By Tom Ballard, Chief Alliance Officer, PYA
Imagine balancing a full-time job at Keurig Green Mountain, duties as a husband and new parent, and leadership in two start-ups. That has been the life of Knoxville entrepreneur Tyler Hays, and it most likely is a key reason that he was just named to the latest “40 Under 40” cohort at the relatively young age of 30.
Now, after seven years with Keurig Green Mountain, Hays recently decided to resign from the company to focus full-time on the creative start-ups.
“I’m an ENTP, idea-driven creative thinker focused on crafting unique sustainable media solutions that promote innovation,” the youthful entrepreneur and industrial engineer writes in describing himself on his LinkedIn page. “I have a keen eye for artistic design, a fascination with the creative process, formal training in statistical problem-solving, and knowledge of the latest digital marketing trends. I’m always looking for opportunities to utilize both the creative and analytical aspects of my skillset.”
We first met the University of Tennessee, Knoxville alum in mid-2015 shortly after he and Patrick Teasdale had launched Evolvr Media and were participating in not one but two start-up accelerators simultaneously – the Knoxville Entrepreneur Center’s “MediaWorks” and CO.LAB’s “GIGTANK” program in Chattanooga.
Today, Hays has primary responsibility for Evolvr, along with Chris Berrong who joined the start-up to help with business development. Teasdale is still involved on a project-by-project basis.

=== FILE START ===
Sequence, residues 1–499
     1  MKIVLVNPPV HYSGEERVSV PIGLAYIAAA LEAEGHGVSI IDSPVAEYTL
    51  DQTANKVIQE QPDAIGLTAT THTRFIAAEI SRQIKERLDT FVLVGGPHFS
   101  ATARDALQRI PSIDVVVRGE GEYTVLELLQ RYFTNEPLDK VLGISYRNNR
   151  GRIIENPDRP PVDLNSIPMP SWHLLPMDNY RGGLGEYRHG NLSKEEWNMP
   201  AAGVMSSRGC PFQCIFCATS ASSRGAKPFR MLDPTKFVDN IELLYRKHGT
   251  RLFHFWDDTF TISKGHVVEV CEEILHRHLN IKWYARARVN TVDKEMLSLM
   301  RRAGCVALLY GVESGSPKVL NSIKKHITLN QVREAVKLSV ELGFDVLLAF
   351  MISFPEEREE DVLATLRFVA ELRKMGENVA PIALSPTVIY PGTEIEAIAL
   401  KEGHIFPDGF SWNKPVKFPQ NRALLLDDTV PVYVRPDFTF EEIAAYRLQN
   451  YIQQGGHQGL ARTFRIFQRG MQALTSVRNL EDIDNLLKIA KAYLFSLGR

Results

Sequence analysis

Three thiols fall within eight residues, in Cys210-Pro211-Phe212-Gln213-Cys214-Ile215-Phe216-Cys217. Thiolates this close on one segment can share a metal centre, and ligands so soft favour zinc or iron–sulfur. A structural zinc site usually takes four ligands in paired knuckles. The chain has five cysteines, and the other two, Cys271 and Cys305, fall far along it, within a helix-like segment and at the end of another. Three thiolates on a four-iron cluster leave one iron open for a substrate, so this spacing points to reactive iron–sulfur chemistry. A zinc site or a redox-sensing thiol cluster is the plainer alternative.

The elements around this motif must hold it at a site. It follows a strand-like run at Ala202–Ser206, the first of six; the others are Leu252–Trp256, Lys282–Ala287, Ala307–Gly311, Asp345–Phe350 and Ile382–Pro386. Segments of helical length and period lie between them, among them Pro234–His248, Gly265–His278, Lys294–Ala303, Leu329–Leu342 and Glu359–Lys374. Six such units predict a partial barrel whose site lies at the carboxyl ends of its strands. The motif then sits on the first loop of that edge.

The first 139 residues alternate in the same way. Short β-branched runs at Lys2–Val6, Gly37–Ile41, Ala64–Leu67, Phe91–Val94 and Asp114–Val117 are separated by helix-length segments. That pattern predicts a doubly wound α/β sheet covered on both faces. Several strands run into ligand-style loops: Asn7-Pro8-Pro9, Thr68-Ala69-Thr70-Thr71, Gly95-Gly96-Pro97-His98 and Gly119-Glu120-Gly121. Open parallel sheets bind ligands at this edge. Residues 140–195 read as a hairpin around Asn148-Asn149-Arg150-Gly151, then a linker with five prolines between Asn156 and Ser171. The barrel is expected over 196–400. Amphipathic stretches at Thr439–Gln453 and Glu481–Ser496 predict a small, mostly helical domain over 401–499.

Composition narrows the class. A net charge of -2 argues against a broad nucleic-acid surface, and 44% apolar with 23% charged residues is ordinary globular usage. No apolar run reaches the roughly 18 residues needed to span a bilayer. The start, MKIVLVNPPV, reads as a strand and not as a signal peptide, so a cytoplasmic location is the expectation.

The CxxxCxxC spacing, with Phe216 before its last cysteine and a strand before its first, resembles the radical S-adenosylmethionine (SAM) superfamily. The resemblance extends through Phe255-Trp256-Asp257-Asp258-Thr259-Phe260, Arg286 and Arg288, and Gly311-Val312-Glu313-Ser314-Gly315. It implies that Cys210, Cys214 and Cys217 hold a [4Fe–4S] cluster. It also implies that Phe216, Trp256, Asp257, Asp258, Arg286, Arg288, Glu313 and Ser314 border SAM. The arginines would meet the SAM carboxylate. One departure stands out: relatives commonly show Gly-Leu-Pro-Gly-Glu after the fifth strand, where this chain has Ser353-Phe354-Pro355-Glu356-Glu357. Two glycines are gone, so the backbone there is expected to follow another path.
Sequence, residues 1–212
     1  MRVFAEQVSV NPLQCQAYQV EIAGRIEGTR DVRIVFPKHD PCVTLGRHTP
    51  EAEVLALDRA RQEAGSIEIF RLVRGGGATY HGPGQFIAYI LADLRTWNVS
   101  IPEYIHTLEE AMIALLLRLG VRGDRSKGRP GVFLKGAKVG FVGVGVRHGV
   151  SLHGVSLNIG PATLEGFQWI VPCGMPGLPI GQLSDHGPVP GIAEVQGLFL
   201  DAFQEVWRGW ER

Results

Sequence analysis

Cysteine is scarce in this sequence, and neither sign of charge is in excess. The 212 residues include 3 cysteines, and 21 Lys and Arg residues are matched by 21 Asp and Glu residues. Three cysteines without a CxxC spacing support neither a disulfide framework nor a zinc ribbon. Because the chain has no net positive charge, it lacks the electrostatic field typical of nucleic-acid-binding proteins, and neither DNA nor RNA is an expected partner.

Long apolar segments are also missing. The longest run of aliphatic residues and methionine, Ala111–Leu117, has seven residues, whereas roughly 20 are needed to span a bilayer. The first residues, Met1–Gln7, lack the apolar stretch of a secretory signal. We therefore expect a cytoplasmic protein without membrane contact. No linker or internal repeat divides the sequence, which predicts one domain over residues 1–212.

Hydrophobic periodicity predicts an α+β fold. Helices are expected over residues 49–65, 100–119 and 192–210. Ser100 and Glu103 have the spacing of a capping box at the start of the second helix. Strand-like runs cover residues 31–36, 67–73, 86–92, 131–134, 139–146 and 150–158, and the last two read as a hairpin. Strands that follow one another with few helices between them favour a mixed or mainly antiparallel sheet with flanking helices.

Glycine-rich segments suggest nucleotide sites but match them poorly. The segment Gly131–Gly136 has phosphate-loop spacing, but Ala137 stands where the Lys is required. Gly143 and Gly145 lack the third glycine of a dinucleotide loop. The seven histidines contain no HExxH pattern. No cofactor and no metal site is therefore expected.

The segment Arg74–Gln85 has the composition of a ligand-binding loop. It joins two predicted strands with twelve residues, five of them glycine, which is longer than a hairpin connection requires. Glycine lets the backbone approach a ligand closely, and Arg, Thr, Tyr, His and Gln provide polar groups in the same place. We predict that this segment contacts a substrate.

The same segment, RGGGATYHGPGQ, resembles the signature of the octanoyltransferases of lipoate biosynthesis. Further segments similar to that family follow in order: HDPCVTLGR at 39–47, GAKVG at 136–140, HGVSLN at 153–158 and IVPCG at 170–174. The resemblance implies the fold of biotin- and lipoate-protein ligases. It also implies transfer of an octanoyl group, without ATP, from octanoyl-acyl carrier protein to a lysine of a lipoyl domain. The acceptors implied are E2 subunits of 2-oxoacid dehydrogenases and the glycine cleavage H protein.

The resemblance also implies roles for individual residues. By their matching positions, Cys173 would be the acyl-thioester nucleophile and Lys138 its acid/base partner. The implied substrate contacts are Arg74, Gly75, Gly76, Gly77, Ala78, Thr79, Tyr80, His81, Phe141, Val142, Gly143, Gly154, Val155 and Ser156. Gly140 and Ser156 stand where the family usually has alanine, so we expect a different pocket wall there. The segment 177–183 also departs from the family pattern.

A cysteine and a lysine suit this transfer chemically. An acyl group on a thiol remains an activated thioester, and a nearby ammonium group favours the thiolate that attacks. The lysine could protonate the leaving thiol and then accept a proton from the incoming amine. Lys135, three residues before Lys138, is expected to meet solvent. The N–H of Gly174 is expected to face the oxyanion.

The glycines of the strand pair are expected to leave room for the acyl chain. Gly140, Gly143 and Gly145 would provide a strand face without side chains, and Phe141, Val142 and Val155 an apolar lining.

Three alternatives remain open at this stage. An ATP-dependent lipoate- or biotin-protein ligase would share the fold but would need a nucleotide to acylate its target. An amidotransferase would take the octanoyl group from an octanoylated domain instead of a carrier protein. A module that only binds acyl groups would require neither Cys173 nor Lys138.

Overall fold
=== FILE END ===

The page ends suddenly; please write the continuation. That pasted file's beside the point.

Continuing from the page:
“That’s what we need right now,” Hays says of the role that Berrong is performing in “finding innovative projects for us.”
As noted in a July 2015 article on teknovation.biz, Evolvr literally evolved from Hays’ passion for video production developed as a youngster and the emergence of virtual reality and 360-degree video platforms. The company combines the three in innovative ways to serve its clients.
Shortly before co-founding Evolvr, Hays had already joined forces with Alex Widmer to found Vessul Creative. This venture is a digital marketing collaboration of the top creatives in the area, focused on telling compelling stories through visual design while also providing data-driven marketing strategies to ensure content is effective with audiences.
“It’s the wheelhouse we started in . . . video production,” Hays explained. “We partner with companies to create digital content that will help them better connect with their audience and ultimately, grow their business.”
To illustrate the importance of this work, Hays cited something that many of us have experienced more times than we like. Think about the annoying pop-up ads on a website or commercials that interrupt programs on television and radio.
“You will begin to see this older method of invasive advertising become less and less effective, similar to how the billboard is today,” he noted. “Our goal is to create relevant, targeted content for our client’s audience to build their brand for the online generation.”
Hays says large companies are taking advantage of the techniques that allow their messages to cut through the clutter, but many smaller ones are not. That’s a unique niche that Vessul Creative is addressing.
For now, Hays plans to keep the two companies separate. “They are like brother and sister, but may one day bleed into each other.”
In terms of virtual reality, he says that the technology has progressed considerably as players like Google, Facebook, HTC, Sony and Microsoft are becoming more involved and developing newer technology.
“I own a few headsets,” Hays says. “Some are better than others. Those that are good are really good. The iron is hot for VR.”
More recently, he and team members spent a week in Jamaica producing videos for the Travel Channel.
“We are showcasing several different adventures that Jamaica has to offer, all in VR,” Hays noted.